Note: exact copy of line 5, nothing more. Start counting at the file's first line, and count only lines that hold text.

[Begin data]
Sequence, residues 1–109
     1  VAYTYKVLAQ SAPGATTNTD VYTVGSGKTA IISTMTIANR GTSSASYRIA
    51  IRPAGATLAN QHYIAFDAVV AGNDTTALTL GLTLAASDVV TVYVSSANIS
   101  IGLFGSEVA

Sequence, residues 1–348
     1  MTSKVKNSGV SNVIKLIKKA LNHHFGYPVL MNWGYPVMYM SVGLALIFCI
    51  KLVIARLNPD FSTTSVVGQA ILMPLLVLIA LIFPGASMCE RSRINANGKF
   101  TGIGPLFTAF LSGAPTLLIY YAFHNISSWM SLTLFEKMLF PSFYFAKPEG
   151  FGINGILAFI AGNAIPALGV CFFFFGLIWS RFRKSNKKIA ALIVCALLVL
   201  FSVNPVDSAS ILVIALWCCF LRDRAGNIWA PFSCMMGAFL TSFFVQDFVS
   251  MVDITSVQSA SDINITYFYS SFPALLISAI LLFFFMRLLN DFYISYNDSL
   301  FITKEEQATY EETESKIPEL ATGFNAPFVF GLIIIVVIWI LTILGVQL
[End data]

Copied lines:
Sequence, residues 1–348